F rom Bob Coffield over at the Healthcare Law Blog: Communicating health information to friends and family members of patients has been a sensitive issue since the establishment of the Health Insurance Portability and Accountability Act of 1996 (HIPAA). Most providers if you ask them have some level of confusion surrounding the subject. What can I say what can't I say, some providers as so confused that they just don't say anything at all.
For family members and friends of patients trying to obtain information about the patient it has become more than frustrating. Everyone has heard of HIPAA and for many it serves not so much as a form of protection but a barricade to communication. Family members are left empty handed, angry and frustrated when they hear that their mother, father, etc are in hospital and can not obtain information. This is especially difficult for family members and friends of patients that live great distances from the patient.
May a health care provider discuss a patient’s health information over the phone with the patient’s family, friends, or others involved in the patient’s care or payment for care?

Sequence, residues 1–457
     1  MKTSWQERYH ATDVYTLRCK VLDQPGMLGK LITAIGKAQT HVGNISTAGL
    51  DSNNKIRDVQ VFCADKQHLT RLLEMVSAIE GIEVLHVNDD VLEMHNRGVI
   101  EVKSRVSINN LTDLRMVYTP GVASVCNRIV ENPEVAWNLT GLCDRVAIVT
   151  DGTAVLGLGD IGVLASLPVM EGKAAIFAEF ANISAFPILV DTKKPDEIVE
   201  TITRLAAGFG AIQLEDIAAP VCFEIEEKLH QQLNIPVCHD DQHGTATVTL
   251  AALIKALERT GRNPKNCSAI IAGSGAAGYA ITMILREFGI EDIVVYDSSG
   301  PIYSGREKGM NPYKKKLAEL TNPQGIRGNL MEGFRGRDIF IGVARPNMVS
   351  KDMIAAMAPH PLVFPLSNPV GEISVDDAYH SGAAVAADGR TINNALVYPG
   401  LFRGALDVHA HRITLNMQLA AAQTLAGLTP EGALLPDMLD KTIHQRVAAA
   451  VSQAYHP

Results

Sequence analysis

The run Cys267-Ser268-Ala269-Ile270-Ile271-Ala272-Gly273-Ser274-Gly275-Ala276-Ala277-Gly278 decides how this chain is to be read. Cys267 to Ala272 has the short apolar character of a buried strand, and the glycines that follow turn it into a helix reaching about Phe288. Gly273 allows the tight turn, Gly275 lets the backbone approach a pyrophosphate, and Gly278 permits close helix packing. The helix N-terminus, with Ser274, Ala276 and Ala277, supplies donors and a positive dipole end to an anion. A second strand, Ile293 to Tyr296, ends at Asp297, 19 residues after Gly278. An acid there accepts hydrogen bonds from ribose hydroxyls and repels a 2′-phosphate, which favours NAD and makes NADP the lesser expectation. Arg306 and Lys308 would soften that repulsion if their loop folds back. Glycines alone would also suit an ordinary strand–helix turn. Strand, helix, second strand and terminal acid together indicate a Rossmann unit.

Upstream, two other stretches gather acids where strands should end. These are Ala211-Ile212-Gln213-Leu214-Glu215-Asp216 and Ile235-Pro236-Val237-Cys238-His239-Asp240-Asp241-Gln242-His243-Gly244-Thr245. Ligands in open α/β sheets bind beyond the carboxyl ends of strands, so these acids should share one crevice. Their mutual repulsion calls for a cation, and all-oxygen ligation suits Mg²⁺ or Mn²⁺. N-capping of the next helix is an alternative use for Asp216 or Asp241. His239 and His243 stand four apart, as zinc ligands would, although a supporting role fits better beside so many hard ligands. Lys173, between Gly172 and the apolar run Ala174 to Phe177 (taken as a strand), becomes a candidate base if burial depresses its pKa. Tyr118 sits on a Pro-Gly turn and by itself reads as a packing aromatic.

Yes. Where a health care provider is allowed to share a patient’s health information with a person, information may be shared face-to-face, over the phone, or in writing.
If a patient’s family member, friend, or other person involved in the patient’s care or payment for care calls a health care provider to ask about the patient’s condition, does HIPAA require the health care provider to obtain proof of who the person is before speaking with them?
No. If the caller states that he or she is a family member or friend of the patient, or is involved in the patient’s care or payment for care, then HIPAA doesn’t require proof of identity in this case. However, a health care provider may establish his or her own rules for verifying who is on the phone. In addition, when someone other than a friend or family member is involved, the health care provider must be reasonably sure that the patient asked the person to be involved in his or her care or payment for care.